Da: “The Senlis Council” Drug Policy Advisory Forum – Praga Press release, 23rd June 2004
On the occasion of the International Day against Drug Abuse and Trafficking on the 26th of June, The Senlis Council, an international drug policy think-tank, recognised the leadership taken by the new EU member state, the Czech Republic, in terms of its national drug policy.
The structure of Czech drug policy, which is high on the political agenda of the Czech Republic, and its context within the recently enlarged European Union, were discussed today in Prague at “The 2004 Prague Symposium on Drug Policy: The Czech National Drug Strategy: Realities and Challenges Ahead”, at the Lichtenstejn Palace in Prague. The symposium was organised by the Secretariat of the Czech National Drug Commission together with The Senlis Council.
“The innovative drug policy developed by this new EU member is an example of how drug policy can provide alternatives to the US led “War on Drugs”, said The Senlis Council. “The Czech strategy is not only well in step with the general European consensus towards progressive and evidence-based reactions to the reality of the drug crisis, but is an outstanding example of how European member states can develop effective new drug policies.”
“During the week leading up to the International Day against Drug Abuse and Trafficking, we think it is important to recognise Czech drug policy as an example of a national strategy which has shown real innovation and courage in its policy responses to the drug policy crisis”, said Mr Emmanuel Reinert, Executive Director of The Senlis Council. “That this has been achieved by a small, new European country is even more impressive.”
Examples of these innovative policies are harm reduction measures such as syringe exchange programmes, and substitution treatment programmes, which contribute to the combat against the spread of infectious diseases such as HIV/AIDS or Hepatitis C.
Speakers at the Symposium included Mr Josef Radimecky, Director of the Secretariat of the National drug Commission and Dr Massimo Barra, Vice President of The International Federation of the Red Cross and Red Crescent Societies, who at the Symposium also acknowledged the Czech Republic’s position as a role-model in the future of European drug policy.
“The International Federation supports and welcomes national endeavours such as the Czech National Drug Strategy,” said Dr Barra. “The strategy represents what I believe to be the only way forward in fighting the global drug problem. It is an important example of how policy can have a positive impact on the drug issue. HIV/AIDS and Hepatitis C are major threats to world health, and pragmatic, scientific and evidence-based policies such as the Czech example are the only way to combat this threat”.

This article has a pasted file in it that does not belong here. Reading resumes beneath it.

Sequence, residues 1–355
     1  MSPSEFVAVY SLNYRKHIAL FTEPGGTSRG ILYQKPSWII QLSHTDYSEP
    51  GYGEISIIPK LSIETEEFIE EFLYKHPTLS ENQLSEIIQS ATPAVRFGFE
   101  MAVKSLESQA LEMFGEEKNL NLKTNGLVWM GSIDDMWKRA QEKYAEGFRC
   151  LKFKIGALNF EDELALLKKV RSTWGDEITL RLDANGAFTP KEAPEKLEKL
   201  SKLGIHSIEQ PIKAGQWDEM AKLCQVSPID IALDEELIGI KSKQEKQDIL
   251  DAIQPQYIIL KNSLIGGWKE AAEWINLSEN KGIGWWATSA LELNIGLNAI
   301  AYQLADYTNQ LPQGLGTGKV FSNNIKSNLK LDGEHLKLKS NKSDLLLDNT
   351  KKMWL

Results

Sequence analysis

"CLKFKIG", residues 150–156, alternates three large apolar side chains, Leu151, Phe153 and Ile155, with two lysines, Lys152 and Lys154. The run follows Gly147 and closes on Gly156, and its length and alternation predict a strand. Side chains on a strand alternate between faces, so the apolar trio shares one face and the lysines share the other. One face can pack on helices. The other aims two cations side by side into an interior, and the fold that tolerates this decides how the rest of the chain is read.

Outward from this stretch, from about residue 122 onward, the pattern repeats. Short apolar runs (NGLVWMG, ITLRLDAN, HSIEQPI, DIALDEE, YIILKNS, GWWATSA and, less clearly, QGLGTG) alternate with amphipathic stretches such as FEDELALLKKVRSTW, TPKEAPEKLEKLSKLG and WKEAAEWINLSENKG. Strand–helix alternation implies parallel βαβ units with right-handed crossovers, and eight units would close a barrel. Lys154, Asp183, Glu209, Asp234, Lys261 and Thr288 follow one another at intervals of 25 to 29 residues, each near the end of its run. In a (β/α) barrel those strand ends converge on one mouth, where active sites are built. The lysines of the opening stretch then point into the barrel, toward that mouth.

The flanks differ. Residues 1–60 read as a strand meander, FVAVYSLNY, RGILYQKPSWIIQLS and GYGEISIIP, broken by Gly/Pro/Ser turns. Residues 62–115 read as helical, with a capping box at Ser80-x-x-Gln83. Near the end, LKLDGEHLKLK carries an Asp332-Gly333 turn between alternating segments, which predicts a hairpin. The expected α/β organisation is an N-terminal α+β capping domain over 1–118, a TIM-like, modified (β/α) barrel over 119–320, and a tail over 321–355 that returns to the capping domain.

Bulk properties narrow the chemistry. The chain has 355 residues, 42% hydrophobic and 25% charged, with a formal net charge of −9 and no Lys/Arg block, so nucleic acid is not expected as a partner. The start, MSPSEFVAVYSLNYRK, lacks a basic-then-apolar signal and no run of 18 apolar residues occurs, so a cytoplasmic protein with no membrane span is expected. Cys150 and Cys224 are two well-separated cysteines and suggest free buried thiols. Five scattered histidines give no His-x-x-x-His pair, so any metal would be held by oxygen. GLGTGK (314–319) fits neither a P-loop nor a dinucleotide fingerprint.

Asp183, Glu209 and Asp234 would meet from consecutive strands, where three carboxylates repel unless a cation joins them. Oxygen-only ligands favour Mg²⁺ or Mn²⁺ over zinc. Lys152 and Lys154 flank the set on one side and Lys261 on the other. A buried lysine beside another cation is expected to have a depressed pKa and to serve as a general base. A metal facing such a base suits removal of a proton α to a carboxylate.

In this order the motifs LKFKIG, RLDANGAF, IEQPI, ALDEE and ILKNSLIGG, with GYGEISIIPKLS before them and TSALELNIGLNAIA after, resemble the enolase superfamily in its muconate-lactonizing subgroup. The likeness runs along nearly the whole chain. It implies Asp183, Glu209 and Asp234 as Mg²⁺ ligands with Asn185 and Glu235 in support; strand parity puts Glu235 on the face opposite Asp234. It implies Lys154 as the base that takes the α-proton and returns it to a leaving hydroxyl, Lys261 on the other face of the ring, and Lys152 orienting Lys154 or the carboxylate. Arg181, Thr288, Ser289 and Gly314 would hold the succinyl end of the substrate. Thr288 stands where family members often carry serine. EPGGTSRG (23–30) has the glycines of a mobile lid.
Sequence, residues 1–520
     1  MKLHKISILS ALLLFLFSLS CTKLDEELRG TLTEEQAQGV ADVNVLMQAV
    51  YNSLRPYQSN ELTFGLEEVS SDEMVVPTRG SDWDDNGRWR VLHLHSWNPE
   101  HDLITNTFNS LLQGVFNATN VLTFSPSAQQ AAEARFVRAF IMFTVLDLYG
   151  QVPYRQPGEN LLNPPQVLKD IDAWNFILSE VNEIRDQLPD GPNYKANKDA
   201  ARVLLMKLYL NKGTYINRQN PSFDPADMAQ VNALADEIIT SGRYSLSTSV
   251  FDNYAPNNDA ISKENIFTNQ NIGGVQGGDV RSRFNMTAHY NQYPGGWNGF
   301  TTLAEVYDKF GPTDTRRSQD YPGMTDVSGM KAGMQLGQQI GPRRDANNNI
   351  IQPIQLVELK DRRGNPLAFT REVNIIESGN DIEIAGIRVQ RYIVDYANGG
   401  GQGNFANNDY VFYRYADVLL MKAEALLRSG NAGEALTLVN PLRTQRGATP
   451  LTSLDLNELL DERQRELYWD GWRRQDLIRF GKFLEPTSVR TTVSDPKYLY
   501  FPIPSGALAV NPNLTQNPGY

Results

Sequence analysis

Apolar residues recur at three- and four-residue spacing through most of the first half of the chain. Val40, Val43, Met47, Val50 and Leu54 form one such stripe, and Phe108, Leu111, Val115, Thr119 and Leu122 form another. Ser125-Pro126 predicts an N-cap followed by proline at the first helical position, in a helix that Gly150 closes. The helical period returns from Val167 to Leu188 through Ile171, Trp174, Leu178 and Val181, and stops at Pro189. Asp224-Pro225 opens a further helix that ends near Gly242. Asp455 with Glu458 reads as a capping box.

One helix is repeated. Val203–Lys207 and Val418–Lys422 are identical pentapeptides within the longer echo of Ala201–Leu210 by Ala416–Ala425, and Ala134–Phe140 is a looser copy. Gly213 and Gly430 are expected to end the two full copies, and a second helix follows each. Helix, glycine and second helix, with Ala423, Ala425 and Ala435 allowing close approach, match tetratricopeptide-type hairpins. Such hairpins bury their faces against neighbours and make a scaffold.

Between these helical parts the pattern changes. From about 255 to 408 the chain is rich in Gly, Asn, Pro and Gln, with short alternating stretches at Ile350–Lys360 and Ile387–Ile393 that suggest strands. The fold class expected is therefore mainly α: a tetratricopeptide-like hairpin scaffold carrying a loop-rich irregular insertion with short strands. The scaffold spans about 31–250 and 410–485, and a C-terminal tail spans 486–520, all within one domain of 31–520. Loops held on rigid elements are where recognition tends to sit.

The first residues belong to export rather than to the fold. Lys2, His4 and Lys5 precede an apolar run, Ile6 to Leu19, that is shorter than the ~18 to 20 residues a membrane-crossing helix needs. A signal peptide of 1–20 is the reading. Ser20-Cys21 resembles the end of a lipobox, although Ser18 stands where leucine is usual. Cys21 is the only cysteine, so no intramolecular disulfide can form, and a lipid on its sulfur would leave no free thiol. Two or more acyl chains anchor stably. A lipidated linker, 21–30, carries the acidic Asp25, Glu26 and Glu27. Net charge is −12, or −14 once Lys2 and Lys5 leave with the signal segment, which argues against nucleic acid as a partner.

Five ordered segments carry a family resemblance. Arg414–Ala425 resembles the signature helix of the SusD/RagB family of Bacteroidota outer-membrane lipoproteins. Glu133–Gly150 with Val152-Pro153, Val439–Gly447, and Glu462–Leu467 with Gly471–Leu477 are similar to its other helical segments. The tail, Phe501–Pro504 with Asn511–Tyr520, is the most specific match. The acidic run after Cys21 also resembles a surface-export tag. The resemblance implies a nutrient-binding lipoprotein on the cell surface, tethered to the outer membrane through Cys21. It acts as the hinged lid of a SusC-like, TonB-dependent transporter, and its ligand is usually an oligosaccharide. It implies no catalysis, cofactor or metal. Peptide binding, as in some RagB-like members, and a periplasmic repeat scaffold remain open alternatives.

“The Czech Republic has been building its drug strategy over the past few years in preparation to its entry into the EU,” said The Senlis Council. “They have developed a strategy and policies which are specifically adapted to the situation in the Czech Republic, but also drawing on alternative policies which have been proven to work in other countries.”
One exceptional component of Czech policy is the regular analysis and measurement of the success of the programmes”, said Mr Emmanuel Reinert, “This analysis is missing from most national drug policies and the Czech Republic’s policy is a very positive and encouraging example of how countries can tackle the drug crisis and all that it encompasses.”
“Many of those responsible for international drug policy do not appear to be asking themselves whether or not the methods used to combat drug abuse and trafficking over the past 40 years of the drug war are working or not. The repressive, law-enforcement-based “War on Drugs” approach has clearly not been effective, and other solutions should be considered. Within Europe, the general trend is moving towards the development of alternative policies, which have proved to be effective. But this is not necessarily the case at the international level”, said The Senlis Council.
“The ineffective and outdated policies which are contributing to the crisis situation in drug policy will be reviewed at the UN General Assembly Special Session (UNGASS) in 2008.” said Mr Reinert. This review will be the opportunity to build and validate a new global consensus for drug policy, based on effective new approaches such as those implemented by the Czech Republic.
We have to begin to work now on promoting these new models in order to see the failed drug war come to an end in 2008. The government of the Czech Republic has shown true leadership in the fight against drugs, addressing this very difficult issue in an innovative and responsible way. This leadership will contribute to making the 2008 UNGASS a historical moment, during which a new consensus for drug policy will emerge”.